• Arabidopsis kamchatica subsp. kawasakiana;
  • independent origins;
  • plant mating systems;
  • Pleistocene glacial refugia;
  • population genetics empirical;
  • speciation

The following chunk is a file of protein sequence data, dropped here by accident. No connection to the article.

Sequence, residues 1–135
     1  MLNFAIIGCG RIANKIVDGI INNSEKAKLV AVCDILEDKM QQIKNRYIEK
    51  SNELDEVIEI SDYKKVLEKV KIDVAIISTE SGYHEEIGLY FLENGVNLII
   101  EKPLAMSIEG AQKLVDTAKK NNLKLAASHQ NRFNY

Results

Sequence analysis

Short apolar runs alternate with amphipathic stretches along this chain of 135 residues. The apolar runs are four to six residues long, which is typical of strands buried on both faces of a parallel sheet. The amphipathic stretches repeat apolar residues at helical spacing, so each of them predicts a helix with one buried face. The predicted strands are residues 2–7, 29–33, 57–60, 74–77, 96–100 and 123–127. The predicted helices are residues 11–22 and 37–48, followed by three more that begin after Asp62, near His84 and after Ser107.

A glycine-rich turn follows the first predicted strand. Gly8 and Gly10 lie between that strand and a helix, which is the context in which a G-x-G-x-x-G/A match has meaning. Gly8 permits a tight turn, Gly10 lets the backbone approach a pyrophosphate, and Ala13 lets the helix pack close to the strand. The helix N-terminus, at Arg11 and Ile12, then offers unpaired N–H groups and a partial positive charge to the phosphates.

Polyploidization, or genome duplication, has played a critical role in the diversification of animals, fungi and plants. Little is known about the population structure and multiple origins of polyploid species because of the difficulty in identifying multiple homeologous nuclear genes. The allotetraploid species Arabidopsis kamchatica is closely related to the model species Arabidopsis thaliana and is distributed in a broader climatic niche than its parental species. Here, we performed direct sequencing of homeologous pairs of the low-copy nuclear genes WER and CHS by designing homeolog-specific primers, and obtained also chloroplast and ribosomal internal transcribed spacer sequences. Phylogenetic analysis showed that 50 individuals covering the distribution range including North America are allopolyploids derived from Arabidopsis lyrata and Arabidopsis halleri. Three major clusters within A. kamchatica were detected using Bayesian clustering. One cluster has widespread distribution. The other two are restricted to the southern part of the distribution range including Japan, where the parent A. lyrata is not currently distributed. This suggests that the mountains in Central Honshu and surrounding areas in Japan served as refugia during glacial–interglacial cycles and retained this diversity. We also found that multiple haplotypes of nuclear and chloroplast sequences of A. kamchatica are identical to those of their parental species. This indicates that multiple diploid individuals contributed to the origin of A. kamchatica. The haplotypes of low-copy nuclear genes in Japan suggest independent polyploidization events rather than introgression. Our findings suggest that self-compatibility and gene silencing occurred independently in different origins.